• Works from “the bottom up” versus “the top down” approach the FIPA trade agreement employs – dovetailing nicely
  • Ensures no level of government can create trade obstacles on or “through” their jurisdictions – doing so results in penalties up to 5 million per infraction
  • Ensures free flow of “investment” throughout the jurisdictions of all levels of government
  • Ensures the free flow of labour for all oil and gas projects
  • Involves a myriad of other details related to labour mobility, Trade and Investments
  • Was ushered in to law by BC liberals, who invoked closure
  • Recently updated and renewed as NWPA


  • Locks in complete legal framework ushered in by Harper for a generation
  • Negates any future changes to environmental protection or processes
  • Locks in Royalty Regimes for a generation
  • Negates future governments from making any changes

Equivalency Agreement

  • Forfeits BC’s sovereignty and decision-making capacity
  • Involves four major oil and gas projects including Enbridge NGP
  • Negates jurisdiction over land and water

Indeed it would seem that Minister Oliver was exactly right and boldly honest as all Clark and Redford are fighting over is the colour of the bow on the now longstanding strategy for massive escalation in the exploitation and liquidation of Canada’s oil and gas resources. The detailed terms in these three agreements leave British Columbians with little if anything else to decide. This is especially true when you consider reams of other supporting agreements like temporary foreign worker legislation and myriad other streamlining legislation which works to sideline all levels of government in deciding the fate and from of major developments slated to occur in British Columbia.

Further to this mind-blowing array of far-reaching, long-lasting, legally-binding policies riddled with serious implications for British Columbia, the Canada-Chinese FIPA also involved a detailed outreach effort to international investment and environmental organizations, resulting in The Canada-China Climate Change Working Group which was formed in March 2004, as a follow up to the Canada-China Joint Statement on Climate Change Cooperation. The Working Group co-ordinates and advances the bilateral effort to respond to climate change.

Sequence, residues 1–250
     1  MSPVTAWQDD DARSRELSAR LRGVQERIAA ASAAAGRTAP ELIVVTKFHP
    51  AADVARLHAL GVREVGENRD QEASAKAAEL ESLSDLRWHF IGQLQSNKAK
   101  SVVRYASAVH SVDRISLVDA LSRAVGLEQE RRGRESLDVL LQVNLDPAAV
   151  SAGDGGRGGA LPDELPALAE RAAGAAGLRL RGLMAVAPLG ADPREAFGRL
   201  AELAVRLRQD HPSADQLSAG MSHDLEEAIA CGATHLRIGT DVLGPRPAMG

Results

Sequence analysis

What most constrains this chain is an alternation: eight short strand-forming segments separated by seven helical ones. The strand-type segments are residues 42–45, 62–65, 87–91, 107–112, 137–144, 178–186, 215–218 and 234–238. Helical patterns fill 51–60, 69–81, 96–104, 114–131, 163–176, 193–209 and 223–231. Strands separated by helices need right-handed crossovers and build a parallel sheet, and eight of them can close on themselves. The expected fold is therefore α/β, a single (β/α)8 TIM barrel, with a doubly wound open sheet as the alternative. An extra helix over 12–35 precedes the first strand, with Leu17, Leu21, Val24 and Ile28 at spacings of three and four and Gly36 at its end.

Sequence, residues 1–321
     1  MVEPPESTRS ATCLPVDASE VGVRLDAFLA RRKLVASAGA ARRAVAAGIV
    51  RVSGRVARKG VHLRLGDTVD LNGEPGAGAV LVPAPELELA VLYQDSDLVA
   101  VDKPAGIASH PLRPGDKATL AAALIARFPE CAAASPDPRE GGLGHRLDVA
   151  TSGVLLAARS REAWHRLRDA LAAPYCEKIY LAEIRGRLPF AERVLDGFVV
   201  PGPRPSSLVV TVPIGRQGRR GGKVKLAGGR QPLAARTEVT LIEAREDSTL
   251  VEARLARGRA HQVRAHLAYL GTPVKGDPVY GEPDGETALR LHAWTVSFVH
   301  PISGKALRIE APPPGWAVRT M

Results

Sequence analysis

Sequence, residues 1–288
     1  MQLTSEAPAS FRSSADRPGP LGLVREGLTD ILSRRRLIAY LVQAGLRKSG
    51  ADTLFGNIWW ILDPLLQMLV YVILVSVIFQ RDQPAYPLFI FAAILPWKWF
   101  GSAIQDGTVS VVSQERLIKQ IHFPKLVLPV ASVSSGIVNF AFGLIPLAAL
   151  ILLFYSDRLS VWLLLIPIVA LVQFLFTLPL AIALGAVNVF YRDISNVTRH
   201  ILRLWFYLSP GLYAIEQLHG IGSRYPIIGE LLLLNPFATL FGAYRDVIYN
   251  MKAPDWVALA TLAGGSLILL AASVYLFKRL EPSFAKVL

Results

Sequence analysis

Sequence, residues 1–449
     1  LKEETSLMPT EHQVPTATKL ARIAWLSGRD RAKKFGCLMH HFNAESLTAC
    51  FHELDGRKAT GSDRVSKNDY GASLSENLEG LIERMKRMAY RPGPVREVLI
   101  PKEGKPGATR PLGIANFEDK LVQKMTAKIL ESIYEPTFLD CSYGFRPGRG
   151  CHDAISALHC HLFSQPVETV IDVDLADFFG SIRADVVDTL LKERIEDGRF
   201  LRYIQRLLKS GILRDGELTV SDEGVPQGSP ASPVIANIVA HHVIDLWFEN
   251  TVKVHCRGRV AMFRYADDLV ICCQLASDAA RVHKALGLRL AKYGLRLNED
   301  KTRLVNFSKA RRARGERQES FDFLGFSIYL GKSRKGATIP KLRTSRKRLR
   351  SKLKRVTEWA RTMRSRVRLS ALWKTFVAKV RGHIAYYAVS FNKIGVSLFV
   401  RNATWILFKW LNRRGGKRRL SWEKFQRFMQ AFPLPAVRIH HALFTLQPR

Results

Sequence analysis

Other joint efforts include The Framework Statement which created the Canada-China Joint Committee on Environment Cooperation (JCEC) with Environment Canada and the Chinese State Environmental Protection Administration (SEPA) as the lead agencies. All of which started when Canada and China signed the “Canada-China Framework Statement for Cooperation on Environment into the 21st Century” during Premier Zhu Rongji’s visit to Canada in November 1998.

All of this, while substantial, is not the entirety of the FIPA Environmental Assessment component which was supposed to be released when the FIPA agreement was complete, however Stephen Harper signed the agreement almost six weeks ago and the final Environmental Assessment reporting which enabled FIPA seems absent.

Its absence may be a result of this bombshell directly from the Government’s FIPA EA report:

6. Stakeholder Feedback

The notice of intent to conduct an EA of the Canada-China FIPA was in the Canada Gazette on November 5, 2005. The notice included an invitation to interested parties to submit their views on the likely environmental impacts of the Canada-China FIPA on Canada. There were no comments received on the Notice of Intent. (emphasis added)

8. Conclusion and Next Steps

Canada’s Framework for Conducting EAs of Trade Negotiations calls for national assessments and allows for consideration of transboundary, regional, and global environmental impacts if they have a direct impact on the Canadian environment. However, it is outside of the scope of this study to assess the potential for positive or negative environmental impacts that could occur in China because of these negotiations, or to judge the measures in place within China to enhance or mitigate such impacts.

Investments in sectors of interest to China may have an impact on the environment. However, the impact would be the same whether the investment is made by a Chinese investors or a domestic investor. In addition, investors, whether they are Canadian or foreign, are bound by environmental protection regulations and projects resulting from these investments are subject to applicable environmental assessment legislation. (that is the same legislation Harper just gutted and rewrote)

The Initial EA of the Canada-China FIPA concludes that significant changes to investment in Canada are not expected as a result of the Canada-China FIPA negotiations as there are no specific investments known to be dependent on the FIPA’s conclusion or no direct known causal links between FIPAs and expansion of investment. As such, the environmental impacts on Canada are expected to be minimal.

The Initial EA will be circulated to decision makers to inform the conclusion of the Canada-China FIPA negotiations as well as other policy development activities.